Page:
September 2018: Is the Turkish Flu Contagious?
Written August 21, 2018
An article about turkey? Is it November already?! I know what you’re thinking. To brine or not to brine? Can I really cook a turkey inside a dishwasher? Not quite. I’m here to talk with you about Turkey with a capital “T.” (I’ll get to the other kind of turkey later.)
Source: Google Maps. Map data 2018. GeoBasis-DE/BKG (©2009). Google, Mapa GISreal, ORION-ME
If you’re puzzled, allow me to summarize the issue. Turkey is undergoing what many are calling an economic collapse of its own making. The annual inflation rate is spiking over 16% ¹ and in less than a month, the Turkish lira lost over a third of its value relative to the US dollar.
Source: Graph created by Google. Google cannot guarantee the accuracy of the exchange rates displayed. You should confirm current rates before making any transactions that could be affected by changes in the exchange rates.
How has Turkey reached this terrible tipping point? To make a long story short, to force economic growth, Turkish President Recep Tayyip Erdoğan has spent billions of borrowed dollars through infrastructure spending and making special deals with Turkish corporations. What’s important is that at Turkey now owes about 53%² of its Gross Domestic Product (GDP) in foreign currencies. Worse still, the country’s foreign-currency reserves only cover about 75% of upcoming debt payments.
Is there a solution? There are a few. Turkey could either hike interest rates substantially or get financing from the International Monetary Fund (IMF) in return for some promises of reform. Hiking interest rates is a long shot; unlike the U.S., which has a highly regulated central bank, Erdoğan has full control of Turkey’s monetary policy. He also believes that higher interest rates lead to high inflation, an erroneous idea that is turning out to have dire consequences for Turkey.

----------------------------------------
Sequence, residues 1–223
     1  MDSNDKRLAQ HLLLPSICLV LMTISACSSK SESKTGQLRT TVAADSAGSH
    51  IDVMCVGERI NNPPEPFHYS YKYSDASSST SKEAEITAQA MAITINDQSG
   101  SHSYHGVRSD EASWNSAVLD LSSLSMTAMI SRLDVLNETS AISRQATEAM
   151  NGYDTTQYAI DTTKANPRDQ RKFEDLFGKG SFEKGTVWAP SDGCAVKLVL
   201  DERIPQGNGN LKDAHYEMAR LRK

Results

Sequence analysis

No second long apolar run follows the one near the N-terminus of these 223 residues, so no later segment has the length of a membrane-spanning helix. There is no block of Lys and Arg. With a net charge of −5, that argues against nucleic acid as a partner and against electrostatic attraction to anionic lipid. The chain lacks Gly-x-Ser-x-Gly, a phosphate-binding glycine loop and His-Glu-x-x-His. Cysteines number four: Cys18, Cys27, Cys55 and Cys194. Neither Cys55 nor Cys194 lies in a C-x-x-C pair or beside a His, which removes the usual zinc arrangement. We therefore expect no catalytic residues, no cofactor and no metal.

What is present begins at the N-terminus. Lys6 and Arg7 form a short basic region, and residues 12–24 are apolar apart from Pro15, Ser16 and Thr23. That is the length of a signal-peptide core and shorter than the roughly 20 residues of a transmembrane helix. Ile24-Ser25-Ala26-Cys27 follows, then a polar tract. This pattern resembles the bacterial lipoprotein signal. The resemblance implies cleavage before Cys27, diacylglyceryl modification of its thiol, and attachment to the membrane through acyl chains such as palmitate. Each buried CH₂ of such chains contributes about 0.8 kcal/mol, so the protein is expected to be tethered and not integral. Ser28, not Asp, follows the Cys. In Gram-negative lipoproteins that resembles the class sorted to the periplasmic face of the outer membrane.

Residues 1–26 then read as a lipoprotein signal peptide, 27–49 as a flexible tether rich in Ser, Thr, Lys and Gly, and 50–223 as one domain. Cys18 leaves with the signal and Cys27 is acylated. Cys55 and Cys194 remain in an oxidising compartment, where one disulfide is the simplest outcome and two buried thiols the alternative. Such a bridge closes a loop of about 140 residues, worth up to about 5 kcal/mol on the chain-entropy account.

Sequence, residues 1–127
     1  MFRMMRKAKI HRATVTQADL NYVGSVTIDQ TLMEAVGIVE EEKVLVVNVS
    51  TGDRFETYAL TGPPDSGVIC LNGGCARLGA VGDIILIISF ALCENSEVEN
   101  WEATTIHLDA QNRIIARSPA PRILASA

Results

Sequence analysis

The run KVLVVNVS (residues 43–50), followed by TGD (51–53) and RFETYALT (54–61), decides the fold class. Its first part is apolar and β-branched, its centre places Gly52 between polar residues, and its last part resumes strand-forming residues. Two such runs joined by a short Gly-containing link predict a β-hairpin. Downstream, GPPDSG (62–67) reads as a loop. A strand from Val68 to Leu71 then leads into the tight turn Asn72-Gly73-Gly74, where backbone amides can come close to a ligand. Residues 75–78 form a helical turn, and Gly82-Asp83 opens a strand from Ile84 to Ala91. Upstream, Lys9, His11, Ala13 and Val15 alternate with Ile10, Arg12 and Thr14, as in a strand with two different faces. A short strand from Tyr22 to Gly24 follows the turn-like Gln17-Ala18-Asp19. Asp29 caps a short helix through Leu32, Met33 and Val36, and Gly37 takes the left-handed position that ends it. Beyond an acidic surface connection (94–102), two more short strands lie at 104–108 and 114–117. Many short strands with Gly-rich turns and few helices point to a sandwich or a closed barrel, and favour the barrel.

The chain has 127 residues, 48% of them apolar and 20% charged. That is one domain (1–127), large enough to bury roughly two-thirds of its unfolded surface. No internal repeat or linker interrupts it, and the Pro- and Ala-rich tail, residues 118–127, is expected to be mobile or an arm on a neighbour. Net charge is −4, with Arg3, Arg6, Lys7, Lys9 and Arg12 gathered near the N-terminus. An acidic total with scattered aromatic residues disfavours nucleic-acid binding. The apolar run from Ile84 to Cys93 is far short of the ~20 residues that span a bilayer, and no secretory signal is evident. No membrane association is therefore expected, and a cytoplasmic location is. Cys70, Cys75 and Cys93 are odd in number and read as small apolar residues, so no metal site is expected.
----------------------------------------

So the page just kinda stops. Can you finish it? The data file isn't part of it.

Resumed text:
Financing appears to be the only viable solution, but the IMF will likely require Turkey to meet their strict measures. Of course, there is an option to let the country implode, which begs this question: would a complete default of Turkey’s debt be contagious to the rest of the global economy?
Stop everything you’re doing! Watch “Dramatic Chipmunk” on YouTube³ and then come right back. I’ll wait.
The opinion of most economists is that Turkey’s financial problems won’t affect the broad global market. But they could have negative ramifications for other emerging markets and, to a lesser extent, those European banks that have lent money to Turkey. While such a default would be more than a rounding error for those banks, it wouldn’t put them out of business.
Turkey’s current situation is different from the Greek debt crisis back in 2012. Greece is a member of the Eurozone and its currency is denominated in euros. Because of that, their woes became a problem for the entire Eurozone. By contrast, Turkey is not a member of the European Union or the Eurozone. Turkey has its own currency and for the most part, an isolated economy. This insolation helps prevent its debt crisis from spreading to other countries.
This Turkish crisis may, in fact, create opportunities in the emerging market space once nervous investors exhaust their selling. Other than that, we don’t expect the overall U.S. or global economies to be impacted.
I wouldn't put a turkey in my dishwasher, but let me know if you try that! And if you have any questions regarding your accounts, please call your financial advisor. We’re here for you!
- Victoria Bogner, CFP®, CFA, AIF®
¹ “Turkey Inflation Rate”: https://tradingeconomics.com/turkey/inflation-cpi
² Whittall, Christopher. “Turkey Needs Foreign Funds as Short-Term Debt Looms.” The Wall Street Journal, Dow Jones & Company, 2 Aug. 2018, www.wsj.com/articles/turkey-needs-foreign-funds-as-short-term-debt-looms-1533221473
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